A motivating bugle over the next ridge coupled with a high fitness level will carry an avid hunter an impressive distance. Fueling the hunt strategically will carry him or her even farther—by improving strength and stamina. Smart nutrition will promote recovery and allow the arduous hunt to be done again the next day.
Don’t sacrifice calories for ounces. You can efficiently carry enough nutrient dense calories into the backcountry that are quick and easy on the go. I will share food lists and recipes in later articles. Different hunts will require different nutrition strategies. If you haven't read my previous article "How to Eat During Your Backcountry Hunt," click here: wildscall.weebly.com/blog/how-to-eat-during-your-backcountry-hunt
Even before you get moving, the body needs energy to fuel basic functions like circulation and breathing. This is called Basal Metabolic Rate (BMR) and accounts for energy to keep your body functioning. Resting Metabolic Rate (RMR) is similar to BMR but with the addition of non-exercise daily activities. The metabolic rate will be influenced by factors such as gender, age, height, weight, and muscle mass. Believe it or not, you burn more calories at rest than exercising on a typical day—a whopping 60-75% of estimated calorie needs will go to feed the RMR (note: at home, not on a rigorous backcountry hunt). Calculate an estimate of your BMR here as your first step to calculating how many calories you need: www.omnicalculator.com/health/bmr. Then multiply by 1.2 to factor in non-exercise activity and to calculate your RMR. Ex. a 150#, 5'7" male hunter would have a BMR of 1,609. Multiply by 1.2 to get RMR: 1,931 calories each day before exercise.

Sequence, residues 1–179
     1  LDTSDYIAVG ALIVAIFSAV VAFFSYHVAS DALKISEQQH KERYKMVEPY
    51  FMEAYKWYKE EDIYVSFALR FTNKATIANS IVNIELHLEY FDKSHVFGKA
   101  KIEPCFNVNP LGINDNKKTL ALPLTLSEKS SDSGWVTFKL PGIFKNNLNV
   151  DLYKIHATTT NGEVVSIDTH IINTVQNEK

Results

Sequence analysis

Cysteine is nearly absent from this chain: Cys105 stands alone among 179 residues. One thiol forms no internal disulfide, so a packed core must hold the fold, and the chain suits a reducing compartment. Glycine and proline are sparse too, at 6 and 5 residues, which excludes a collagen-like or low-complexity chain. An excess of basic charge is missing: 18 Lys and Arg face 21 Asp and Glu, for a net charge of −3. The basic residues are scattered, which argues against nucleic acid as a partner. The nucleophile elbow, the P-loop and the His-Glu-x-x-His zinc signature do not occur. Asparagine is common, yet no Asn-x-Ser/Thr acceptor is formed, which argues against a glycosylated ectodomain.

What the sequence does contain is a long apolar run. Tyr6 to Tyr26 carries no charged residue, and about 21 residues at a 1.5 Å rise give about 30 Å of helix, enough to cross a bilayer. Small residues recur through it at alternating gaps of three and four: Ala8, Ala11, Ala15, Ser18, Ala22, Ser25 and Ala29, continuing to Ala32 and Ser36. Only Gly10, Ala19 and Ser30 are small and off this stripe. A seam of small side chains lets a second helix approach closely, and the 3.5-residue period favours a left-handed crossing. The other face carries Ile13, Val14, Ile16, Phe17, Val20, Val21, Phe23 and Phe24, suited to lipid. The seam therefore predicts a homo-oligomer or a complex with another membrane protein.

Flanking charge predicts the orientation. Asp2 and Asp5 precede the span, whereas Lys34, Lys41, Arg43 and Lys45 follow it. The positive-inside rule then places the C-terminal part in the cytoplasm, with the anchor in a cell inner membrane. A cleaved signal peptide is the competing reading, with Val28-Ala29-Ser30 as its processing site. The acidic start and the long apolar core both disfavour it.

Exercise and recreation also require a significant amount of energy for muscle contraction and the delivery of oxygen and nutrients to working tissues. A great way to calculate energy burned during exercise is by using the MET system. MET (metabolic equivalent) is the amount of oxygen used for various activities, which corresponds to the amount of calories needed to complete them. 1 MET is the equivalent to the amount of oxygen burned at rest. A greater MET requires more calories. Here is an example of various activities and their MET value:
Backcountry hunting generally falls within the MET range of 6-7 but will be higher when carrying out a load. Calculate your calories using the following equation:
MET x body weight (kg) x time (hrs)
Divide your body weight by 2.2 to get kilograms. For the same 150# hunter, a calorie estimate for seven hours of active hiking would be 6*(150/2.2)*7=2,864 calories. You can find the updated, comprehensive list of MET values here: sites.google.com/site/compendiumofphysicalactivities/Activity-Categories/walking
When you combine the necessary RMR calculation with the MET calculation, this hunter would have an estimated energy requirement of 4,795 calories per day (2,864+1,931). It's not abnormal for a mountain hunter to burn 6,000-9,000 calories (1).
To take this a step further, the Omni Calculator is a resource that utilizes MET values while factoring in pack-load and trail grade. You can find the calculator and its rationale here: www.omnicalculator.com/sports/hiking
Individual training level, walking efficiency, weather and trail conditions, etc. also may affect workload intensity and energy required, but this calculation provides a great estimate.
Stay tuned for ways to dial in your nutrition strategy while keeping calories lighter and saving time.
1. Wilson, Stefan. (2015). Nutrition for hunters. Go Hunt. Retrieved from https://www.gohunt.com/read/skills/nutrition-for-hunters#gs.X5GqoQZc